“He’s a friend from school,” I say and answer. Why would Landon be calling me so late? He’s never called me for anything other than to compare notes.

  “Tessa?” Landon says loudly.

  “Yeah, is everything okay?”

  “Um, well, no, actually. I know Noah is there but . . .” He hesitates.

  “What’s wrong, Landon?” My heart starts to race. “Are you okay?”

  “Yeah, it’s not me. It’s Hardin.”

  Panic overtakes me. “H-Hardin?” I stutter.

  “Yeah, if I give you an address can you come here, please?” I hear something crash in the background. I jump off my bed and I have my shoes on before my mind catches up. Noah stands up, too, almost as if in sympathy.

  “Landon, is Hardin trying to hurt you?” My mind can’t make sense of what else could be going on.

  “No, no,” he says.

  “Text me the address,” I tell him and then hear another crash.

  I turn to Noah. “Noah, I need your car.”

  His head turns sideways. “What is going on?”

  “I don’t know . . . it’s Hardin. Give me your keys,” I demand.

  He reaches into his pocket and pulls them out, but says insistently, “I’m coming with you.”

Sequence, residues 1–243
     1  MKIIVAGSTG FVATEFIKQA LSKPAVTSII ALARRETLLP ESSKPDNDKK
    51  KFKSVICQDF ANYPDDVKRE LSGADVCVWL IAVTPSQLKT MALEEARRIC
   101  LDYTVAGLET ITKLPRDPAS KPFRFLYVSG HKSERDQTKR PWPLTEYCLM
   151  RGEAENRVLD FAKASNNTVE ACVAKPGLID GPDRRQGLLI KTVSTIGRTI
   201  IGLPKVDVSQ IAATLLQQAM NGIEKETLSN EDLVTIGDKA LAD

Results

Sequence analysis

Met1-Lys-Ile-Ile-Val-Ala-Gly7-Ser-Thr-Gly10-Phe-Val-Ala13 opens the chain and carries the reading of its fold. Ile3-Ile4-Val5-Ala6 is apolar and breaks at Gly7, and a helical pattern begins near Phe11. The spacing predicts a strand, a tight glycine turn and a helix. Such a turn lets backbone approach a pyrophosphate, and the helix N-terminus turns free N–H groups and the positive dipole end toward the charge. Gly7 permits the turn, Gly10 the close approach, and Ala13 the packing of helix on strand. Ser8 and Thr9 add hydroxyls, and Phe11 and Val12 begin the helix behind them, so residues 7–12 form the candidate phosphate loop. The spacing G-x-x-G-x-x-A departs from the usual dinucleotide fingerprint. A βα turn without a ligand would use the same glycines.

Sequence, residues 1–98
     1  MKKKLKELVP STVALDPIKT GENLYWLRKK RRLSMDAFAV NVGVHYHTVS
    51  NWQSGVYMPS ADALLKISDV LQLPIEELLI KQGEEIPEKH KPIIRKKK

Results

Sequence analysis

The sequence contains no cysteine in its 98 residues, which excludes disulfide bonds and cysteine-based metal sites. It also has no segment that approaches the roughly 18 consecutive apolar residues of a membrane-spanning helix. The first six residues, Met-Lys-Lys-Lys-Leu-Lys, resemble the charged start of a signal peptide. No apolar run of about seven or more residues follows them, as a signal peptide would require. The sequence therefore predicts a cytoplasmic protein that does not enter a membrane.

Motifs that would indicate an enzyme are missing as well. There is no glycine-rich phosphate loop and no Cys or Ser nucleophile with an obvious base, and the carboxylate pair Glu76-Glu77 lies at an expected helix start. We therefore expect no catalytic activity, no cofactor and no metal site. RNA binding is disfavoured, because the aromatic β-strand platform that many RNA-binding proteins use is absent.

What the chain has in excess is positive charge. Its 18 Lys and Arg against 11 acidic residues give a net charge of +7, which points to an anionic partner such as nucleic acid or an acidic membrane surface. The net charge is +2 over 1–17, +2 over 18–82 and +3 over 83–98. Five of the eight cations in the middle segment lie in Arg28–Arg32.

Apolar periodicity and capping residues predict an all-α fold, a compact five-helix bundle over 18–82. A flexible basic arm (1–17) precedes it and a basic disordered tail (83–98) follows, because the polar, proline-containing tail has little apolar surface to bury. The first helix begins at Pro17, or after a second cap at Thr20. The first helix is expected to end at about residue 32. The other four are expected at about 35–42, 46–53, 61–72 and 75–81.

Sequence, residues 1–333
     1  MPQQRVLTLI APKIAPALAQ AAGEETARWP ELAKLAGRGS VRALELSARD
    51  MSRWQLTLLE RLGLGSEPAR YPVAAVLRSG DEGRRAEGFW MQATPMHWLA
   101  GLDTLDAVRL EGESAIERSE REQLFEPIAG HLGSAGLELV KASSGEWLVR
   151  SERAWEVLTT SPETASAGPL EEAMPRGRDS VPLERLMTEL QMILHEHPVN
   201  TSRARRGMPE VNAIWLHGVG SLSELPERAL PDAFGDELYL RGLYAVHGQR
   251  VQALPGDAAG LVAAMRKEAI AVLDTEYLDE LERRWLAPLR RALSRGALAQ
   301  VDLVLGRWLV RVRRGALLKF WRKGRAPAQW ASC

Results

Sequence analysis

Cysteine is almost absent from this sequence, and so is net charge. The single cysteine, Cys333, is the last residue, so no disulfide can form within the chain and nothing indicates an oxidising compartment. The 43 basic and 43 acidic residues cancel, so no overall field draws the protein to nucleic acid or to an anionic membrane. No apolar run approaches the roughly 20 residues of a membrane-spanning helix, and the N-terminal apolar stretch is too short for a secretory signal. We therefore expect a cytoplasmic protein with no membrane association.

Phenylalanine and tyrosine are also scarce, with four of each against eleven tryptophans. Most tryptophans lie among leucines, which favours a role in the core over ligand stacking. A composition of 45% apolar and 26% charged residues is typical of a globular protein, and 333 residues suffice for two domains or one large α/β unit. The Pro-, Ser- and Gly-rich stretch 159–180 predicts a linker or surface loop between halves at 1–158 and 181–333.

But I snatch the keys from his hands and shake my head. “No, you . . . I need to go alone.”

  My words hurt him. He looks hurt. And I know it’s wrong to leave him here, but right now the only thing I can think about is getting to Hardin.

  chapter twenty-nine

  Landon’s text reads 2875 Cornell Rd, which I copy and paste into my maps program, which says the drive is fifteen minutes. What could be going on there that Landon could possibly need me?

  I’m just as confused when I arrive at the address as I was when I left my room. Noah has called twice, both of which I’ve ignored; I need the navigation to stay on the screen and, honestly, the confused look on his face when I left him there is haunting me.

  The houses on the street are all large and look like mansions. This house in particular is at least three times larger than my mother’s. It’s an old-fashioned brick house with a sloped yard that makes it appear to be sitting on a hill. Even under the streetlights, it’s beautiful. I’m guessing this must be Hardin’s father’s house, since this doesn’t belong to a college kid and it’s the only reason why Landon would be here as well. I take a deep breath, get out, and walk up the steps from the sidewalk. I knock hard on the dark mahogany door, and it opens within seconds.